Pulitzer winning climate news

David Hasemyer

InsideClimate News reporter David Hasemyer is co-author of the Dilbit Disaster: Inside the Biggest Oil Spill You've Never Heard Of, which won the 2013 Pulitzer Prize for National Reporting, was a finalist in the 2012 Scripps Howard Awards for Environmental Reporting and won an honorable mention in the 2012 John B. Oakes Award for Distinguished Environmental Journalism. Prior to joining InsideClimate News, he was a freelance journalist whose career included an award-winning tenure at the San Diego Union-Tribune as an investigative reporter. Hasemyer's work has been recognized by the Associated Press, the Society for Professional Journalists, the Society of American Business Editors and Writers and the California Newspaper Publishers Association. He has also been a finalist for the Gerald Loeb Award.

Among the articles Hasemyer researched and wrote for the Union-Tribune was a series about a 10-million ton pile of nuclear waste, a remnant of the uranium-mining boom in the 1950s and '60s that threatened the Colorado River. Those stories have been widely credited as critical to the U. S. Department of Energy's decision in 2000 to move the pile away from the river. Hasemyer graduated from San Diego State University with a Bachelor’s degree in Journalism.


Exxon Gets Fine, Harsh Criticism for Negligence in Pegasus Pipeline Spill

Federal pipeline safety officials levy a $2.6 million fine along with demands that Exxon better monitor the vulnerable structure for potential failure.

Oct 2, 2015

This story was updated on Oct. 2, 2:30 p.m.

ExxonMobil has been hit with a $2.6 million fine and harshly criticized by federal safety officials for failing to maintain an aging oil pipeline that burst two years ago in a quiet Arkansas neighborhood and sent heavy crude oil flowing through the streets.

Enbridge and EPA Agree to 6-Month Extension for Penalties on 2010 Spill

As pipeline company braces for huge fine, EPA has more time to determine damages for Kalamazoo River disaster.

Aug 4, 2015

Enbridge, Inc. and the U.S. Environmental Protection Agency have agreed to a six-month extension on fines the company expects will be imposed as punishment for a 2010 pipeline rupture that sent more than one million gallons of oil into Michigan’s Kalamazoo River. The fines are expected to be the largest ever for a oil pipeline spill, perhaps as much as $100 million.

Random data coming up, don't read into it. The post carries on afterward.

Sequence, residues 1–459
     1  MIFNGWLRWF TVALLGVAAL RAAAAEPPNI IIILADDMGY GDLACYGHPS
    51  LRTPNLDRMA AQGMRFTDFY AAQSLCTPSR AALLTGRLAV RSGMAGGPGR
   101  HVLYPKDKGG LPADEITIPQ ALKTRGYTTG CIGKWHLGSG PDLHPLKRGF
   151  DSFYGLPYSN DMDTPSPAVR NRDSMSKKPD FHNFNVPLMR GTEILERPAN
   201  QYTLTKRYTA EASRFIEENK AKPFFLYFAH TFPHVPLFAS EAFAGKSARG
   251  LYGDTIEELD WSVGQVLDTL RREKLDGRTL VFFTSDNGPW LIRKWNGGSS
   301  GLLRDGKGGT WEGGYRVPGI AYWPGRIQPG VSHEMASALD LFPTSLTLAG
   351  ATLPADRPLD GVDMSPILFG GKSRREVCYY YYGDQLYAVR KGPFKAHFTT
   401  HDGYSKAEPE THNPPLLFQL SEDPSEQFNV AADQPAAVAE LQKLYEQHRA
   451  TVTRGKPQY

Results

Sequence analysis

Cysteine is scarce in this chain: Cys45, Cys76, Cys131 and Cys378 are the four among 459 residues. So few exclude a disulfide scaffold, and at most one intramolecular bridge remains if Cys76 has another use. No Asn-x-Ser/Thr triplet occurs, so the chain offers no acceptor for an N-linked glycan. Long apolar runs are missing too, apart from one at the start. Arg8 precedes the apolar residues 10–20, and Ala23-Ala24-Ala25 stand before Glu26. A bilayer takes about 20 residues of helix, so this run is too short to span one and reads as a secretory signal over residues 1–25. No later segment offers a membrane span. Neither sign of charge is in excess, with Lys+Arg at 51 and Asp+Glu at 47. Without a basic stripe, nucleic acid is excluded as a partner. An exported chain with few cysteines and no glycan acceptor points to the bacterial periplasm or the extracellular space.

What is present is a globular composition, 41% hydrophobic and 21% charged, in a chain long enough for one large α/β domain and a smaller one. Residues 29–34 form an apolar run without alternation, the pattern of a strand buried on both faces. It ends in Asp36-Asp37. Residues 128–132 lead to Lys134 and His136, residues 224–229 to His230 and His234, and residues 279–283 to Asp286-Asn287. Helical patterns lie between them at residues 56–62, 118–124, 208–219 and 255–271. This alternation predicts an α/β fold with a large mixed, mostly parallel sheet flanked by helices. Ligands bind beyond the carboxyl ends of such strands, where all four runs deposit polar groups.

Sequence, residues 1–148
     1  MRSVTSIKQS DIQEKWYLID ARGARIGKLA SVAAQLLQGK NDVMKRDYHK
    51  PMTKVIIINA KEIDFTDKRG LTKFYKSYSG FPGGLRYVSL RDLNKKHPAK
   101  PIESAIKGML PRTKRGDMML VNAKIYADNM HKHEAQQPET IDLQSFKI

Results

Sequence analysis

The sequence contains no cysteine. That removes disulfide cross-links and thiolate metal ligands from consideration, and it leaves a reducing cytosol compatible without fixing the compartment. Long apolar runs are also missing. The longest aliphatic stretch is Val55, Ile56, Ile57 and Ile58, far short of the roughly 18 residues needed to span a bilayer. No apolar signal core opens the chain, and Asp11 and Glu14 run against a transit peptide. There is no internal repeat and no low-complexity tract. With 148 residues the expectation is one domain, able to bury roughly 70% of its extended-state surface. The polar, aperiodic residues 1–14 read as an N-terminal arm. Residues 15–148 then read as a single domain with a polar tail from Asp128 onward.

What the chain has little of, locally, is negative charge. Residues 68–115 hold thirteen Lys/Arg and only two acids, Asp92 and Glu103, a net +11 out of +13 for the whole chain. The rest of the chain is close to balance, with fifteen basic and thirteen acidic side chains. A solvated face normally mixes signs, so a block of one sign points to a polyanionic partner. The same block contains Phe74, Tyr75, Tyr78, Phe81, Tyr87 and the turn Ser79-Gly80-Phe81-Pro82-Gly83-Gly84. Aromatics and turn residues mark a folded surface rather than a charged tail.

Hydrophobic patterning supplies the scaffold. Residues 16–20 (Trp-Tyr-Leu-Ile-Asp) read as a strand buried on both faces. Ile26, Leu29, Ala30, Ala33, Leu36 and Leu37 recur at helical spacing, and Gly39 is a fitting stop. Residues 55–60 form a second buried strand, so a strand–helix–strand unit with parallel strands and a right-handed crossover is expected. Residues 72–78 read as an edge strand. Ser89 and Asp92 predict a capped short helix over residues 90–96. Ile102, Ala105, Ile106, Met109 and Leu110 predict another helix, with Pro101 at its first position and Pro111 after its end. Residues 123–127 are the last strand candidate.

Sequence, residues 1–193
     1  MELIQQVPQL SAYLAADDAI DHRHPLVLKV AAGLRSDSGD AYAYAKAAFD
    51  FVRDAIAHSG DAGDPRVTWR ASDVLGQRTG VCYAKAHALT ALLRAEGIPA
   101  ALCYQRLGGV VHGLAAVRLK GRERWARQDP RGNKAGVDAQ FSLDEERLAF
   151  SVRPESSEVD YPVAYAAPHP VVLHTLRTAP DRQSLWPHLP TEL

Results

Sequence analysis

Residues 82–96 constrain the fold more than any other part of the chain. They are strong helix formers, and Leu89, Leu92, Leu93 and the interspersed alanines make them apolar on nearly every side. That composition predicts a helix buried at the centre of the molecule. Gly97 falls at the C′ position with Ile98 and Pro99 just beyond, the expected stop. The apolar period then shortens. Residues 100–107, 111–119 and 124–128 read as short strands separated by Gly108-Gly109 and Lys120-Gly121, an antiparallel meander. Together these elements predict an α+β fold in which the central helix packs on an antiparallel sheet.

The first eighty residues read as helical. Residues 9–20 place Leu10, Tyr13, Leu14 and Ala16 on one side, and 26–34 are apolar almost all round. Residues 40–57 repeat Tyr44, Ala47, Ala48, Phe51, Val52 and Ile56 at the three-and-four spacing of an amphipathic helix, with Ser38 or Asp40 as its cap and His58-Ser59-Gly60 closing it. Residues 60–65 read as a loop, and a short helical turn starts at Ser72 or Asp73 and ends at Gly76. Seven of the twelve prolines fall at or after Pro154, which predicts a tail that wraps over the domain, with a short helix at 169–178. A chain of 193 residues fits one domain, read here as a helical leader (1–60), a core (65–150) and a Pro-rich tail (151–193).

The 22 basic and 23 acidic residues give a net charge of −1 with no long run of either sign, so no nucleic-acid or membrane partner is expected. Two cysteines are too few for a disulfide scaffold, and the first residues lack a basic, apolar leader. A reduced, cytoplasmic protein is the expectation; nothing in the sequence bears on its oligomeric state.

EPA Postpones Enbridge’s Day of Reckoning for Kalamazoo Spill

The fine for calamitous pipeline rupture could exceed $100 million, but may take another year or more to decide.

Aug 2, 2015

The U.S. Environmental Protection Agency and Enbridge, Inc. have agreed to extend the deadline for fines in connection with the massive 2010 spill that sent highly toxic oil into Michigan’s Kalamazoo River. The penalty is expected to be one of the largest ever for an oil pipeline spill, perhaps exceeding $100 million. 

Enbridge Anniversary: Profiles From the Frontlines of an Oil Spill

The Kalamazoo River near Marshall, Mich. today teems with kayakers paddling amid swimming turtles, buzzing dragonflies and fish that leap from the water—with few visible scars of the environmental disaster that struck the riverside community five years ago. 

Five Years After Michigan Oil Spill, Unfinished Business Remains

The EPA has yet to levy a Clean Water Act fine for the biggest inland oil spill in U.S. history. The agency has until July 25 to act.

Jul 22, 2015

Today the gently rolling Kalamazoo River in southern Michigan flows clear once again. There are few reminders that five years ago the largest inland oil spill in U.S. history turned 40 miles of the river black.

There is, however, a $100 million piece of unfinished business.

Enbridge Expects $40 Million Fine, EPA's Stiffest Ever for a Pipeline Spill

The fine could top $100 million if the agency finds negligence or other adverse circumstances.

Jul 22, 2015

The Environmental Protection Agency may penalize Enbridge Inc. with the stiffest fine ever imposed under the Clean Water Act for an oil pipeline disaster, based on an InsideClimate News review of EPA enforcement data covering the past 15 years.

More Heat Plus More People Equals Deadlier U.S. Summers

A new study shows more Americans will suffer the consequences of extreme heat.

Jul 8, 2015

The recent heat waves that have scorched Europe, India and Pakistan have served as vivid reminders of the deadliness of heat. Thousands have died so far, and summer has only just begun.

Smithsonian Revamps Disclosure Rules After Willie Soon Controversy

Dual four-month investigations recommend a series of changes that would strengthen the organization's rules on disclosure and ethics.

Jun 29, 2015

The Smithsonian Institution has written new rules to head off conflicts of interest, part of its long-awaited response to revelations that one of its scientists, climate contrarian Wei-Hock "Willie" Soon, failed to divulge the funding sources for research questioning man-made global warming.